Our room was cosy and comfortable - just what you would expect from an established chain like Days Inn. The restaurant, the Mantle, is open for breakfast lunch and dinner (there's nothing like a full English to prepare for a chilly day in the snow!) We always looked forward to fresh tea and coffee, and there's nothing like a giant, comfy hotel bed at the end of the day. 

5. Eating and drinking

For such a small city, Yellowknife is teeming with cool places to eat and drink. Ask anyone where to go, and they'll say Bullocks Bistro - an inconspicuous looking shack in Old Town which specialises in no-nonsense service, graffiti-splattered walls and some of the best fish and chips I've ever had (and I'm British, so I know). You'll need to make a reservation as this place is a hit with tourists - and look out for a passport photo of your's truly on the wall!

Other highlights include Zehabesha - the freezing temperatures of Yellowknife might seem like an odd setting for Ethiopian food, but there's really nothing like this delicious and sunny food to warm you up. Try the combination platter with injera and eat with your hands.


We also loved Fat Fox for great coffee and the unlikely addition of amazing curry and scones. Head to the NWT Brewery for a lively atmosphere, craft beer and pub grub (the tacos are delicious and the nachos huge) and Elke's for a Greek/German fusion lunch. Yellowknife institution, the WildCat Cafe, is closed in the Winter so I can't personally recommend it, but i've heard it's a must-do. Also, it's a good idea to order fish when you can - most is locally caught in Great Slave Lake and is so, so delicious.

6. Culture and history

I knew a little about Yellowknife's history before we visited, but I became completely immersed in the local history and culture while during my time there. The town boomed in the 30's along with the discovery of the first gold mine, and while this hype dyed down during the war, the discovery of a new mine in 1946 meant that prospectors came flooding in once more. The gold industry is still profitable today, but the discovery of diamonds in the 90s is what's really fuelling the economy these days. It's also so interesting to learn about the First Nations people who have always lived off the land around these lakes.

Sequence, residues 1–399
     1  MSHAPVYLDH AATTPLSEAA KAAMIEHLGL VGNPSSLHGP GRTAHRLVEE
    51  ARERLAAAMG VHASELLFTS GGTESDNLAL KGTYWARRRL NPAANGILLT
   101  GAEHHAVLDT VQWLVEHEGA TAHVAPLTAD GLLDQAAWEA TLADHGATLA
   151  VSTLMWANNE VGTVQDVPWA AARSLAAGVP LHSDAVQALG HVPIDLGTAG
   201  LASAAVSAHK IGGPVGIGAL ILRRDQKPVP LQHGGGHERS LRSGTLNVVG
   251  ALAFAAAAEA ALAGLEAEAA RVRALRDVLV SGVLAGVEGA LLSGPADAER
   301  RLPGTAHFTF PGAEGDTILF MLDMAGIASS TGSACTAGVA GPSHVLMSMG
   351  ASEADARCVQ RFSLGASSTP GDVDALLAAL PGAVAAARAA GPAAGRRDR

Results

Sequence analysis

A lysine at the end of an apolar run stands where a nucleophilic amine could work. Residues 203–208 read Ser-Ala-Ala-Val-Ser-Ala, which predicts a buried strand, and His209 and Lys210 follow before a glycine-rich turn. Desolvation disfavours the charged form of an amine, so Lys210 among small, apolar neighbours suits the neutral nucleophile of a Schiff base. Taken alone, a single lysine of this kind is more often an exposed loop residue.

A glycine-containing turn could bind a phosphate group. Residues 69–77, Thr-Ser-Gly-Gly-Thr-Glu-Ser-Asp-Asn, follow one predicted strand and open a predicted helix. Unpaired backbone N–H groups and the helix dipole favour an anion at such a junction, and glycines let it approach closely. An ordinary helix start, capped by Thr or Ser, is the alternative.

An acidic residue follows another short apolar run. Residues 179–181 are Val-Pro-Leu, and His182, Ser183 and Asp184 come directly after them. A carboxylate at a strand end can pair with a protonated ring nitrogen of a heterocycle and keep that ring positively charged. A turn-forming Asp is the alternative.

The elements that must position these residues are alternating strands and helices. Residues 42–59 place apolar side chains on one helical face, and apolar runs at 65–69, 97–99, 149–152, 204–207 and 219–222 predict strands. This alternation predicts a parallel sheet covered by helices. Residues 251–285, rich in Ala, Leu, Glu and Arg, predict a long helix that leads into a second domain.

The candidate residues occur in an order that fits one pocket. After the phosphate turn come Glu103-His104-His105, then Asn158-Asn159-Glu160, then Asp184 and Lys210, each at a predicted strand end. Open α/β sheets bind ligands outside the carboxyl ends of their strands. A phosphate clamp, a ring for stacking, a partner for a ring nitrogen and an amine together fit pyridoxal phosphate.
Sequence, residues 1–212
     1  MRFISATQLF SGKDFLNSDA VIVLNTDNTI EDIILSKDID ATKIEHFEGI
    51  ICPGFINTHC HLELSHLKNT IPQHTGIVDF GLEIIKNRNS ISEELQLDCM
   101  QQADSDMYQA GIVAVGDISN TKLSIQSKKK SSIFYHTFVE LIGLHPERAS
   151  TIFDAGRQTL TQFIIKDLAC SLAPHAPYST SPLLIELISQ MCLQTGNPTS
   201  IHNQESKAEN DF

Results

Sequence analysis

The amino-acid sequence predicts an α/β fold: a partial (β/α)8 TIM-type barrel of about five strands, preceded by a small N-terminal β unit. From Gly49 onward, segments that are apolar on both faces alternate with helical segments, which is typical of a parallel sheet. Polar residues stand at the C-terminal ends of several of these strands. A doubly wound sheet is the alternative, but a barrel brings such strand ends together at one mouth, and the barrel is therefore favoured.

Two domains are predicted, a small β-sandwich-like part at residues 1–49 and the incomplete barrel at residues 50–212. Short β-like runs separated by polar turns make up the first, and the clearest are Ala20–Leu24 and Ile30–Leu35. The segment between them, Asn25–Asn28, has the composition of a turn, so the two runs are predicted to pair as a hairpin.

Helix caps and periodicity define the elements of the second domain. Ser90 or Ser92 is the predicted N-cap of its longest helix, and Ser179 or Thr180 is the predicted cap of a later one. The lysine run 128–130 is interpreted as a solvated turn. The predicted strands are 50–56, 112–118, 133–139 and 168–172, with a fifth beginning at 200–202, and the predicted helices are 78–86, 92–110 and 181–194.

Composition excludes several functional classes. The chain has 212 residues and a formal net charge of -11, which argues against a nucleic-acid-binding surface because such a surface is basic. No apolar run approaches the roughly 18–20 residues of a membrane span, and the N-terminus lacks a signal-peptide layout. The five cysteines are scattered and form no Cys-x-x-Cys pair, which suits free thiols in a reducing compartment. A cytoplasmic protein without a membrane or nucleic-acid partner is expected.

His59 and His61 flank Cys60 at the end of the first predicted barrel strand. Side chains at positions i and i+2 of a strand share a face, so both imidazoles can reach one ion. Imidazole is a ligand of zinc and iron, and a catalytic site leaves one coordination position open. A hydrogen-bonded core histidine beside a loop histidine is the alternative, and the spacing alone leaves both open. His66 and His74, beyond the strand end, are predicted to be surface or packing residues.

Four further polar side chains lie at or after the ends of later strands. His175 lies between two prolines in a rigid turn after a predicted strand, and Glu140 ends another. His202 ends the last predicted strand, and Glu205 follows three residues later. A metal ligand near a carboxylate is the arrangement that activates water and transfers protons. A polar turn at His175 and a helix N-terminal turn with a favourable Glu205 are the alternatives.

If you're interested in learning more about Yellowknife's history, head to the Prince of Wales Northern Heritage Centre (it has a great cafe, open to 2pm), the Visitor's Centre and the NWT Diamond Centre.

Tips and tricks

  • Bring layers. And when you think you've packed enough, bring more. In -40, it's better to have too much. Thermals, woollen socks, a parka, long-johns, multiple pairs of gloves and a Buff are all essential. Most days I wore snowpants and snowboots, too.
  • Pack hand and toewarmers. You can pick them up in bulk at outdoor stores, and you'll be so gratfeul you did as you stand around waiting for the aurora.
  • Bring a tripod if you have one - you'll need it for those Instagram-worthy Aurora pictures.
  • Girls, mascara is pretty much redundant. In cold months, Your eyelashes will freeze and when they thaw, you'll be left looking like a sad panda. Au naturel is best. Just make sure to use a heavy-duty moisturiser - the air is so cold and dry in Yellowknife that it can take it's toll on your skin.
  • While Yellowknife is not as expensive as other Canadian cities (looking at you, Vancouver) it's not cheap. Aurora tours tend to be around $120 per person, and you should expect to pay $60+ for a meal out for two people.
  • You won't really need a car - the whole city is surprisngly walkable. If you fancy heading out over the iceroad to Dettah, take a taxi.
  • If you're feeling brave and fancy a walk, head over to the Back Bay Cemetery. A groomed trail will take you to a series of small ice caves.

It was my first visit to the NWT, but after experiencing all that Yellowknife has to offer, I'm hoping it's not my last.

Have you ever been to Yellowknife or the NWT? I'd love to hear what you thought in the comments!

Many thanks to Days Inn for hosting us during our stay (and providing a cosy place in which to defrost!)

*Full disclosure: we  were offered complimentary and reduced rate accommodation at Days Inn in return for an honest review. All opinions my own. 

Things fall apart

Things fall apart

How to be productive while working from home

How to be productive while working from home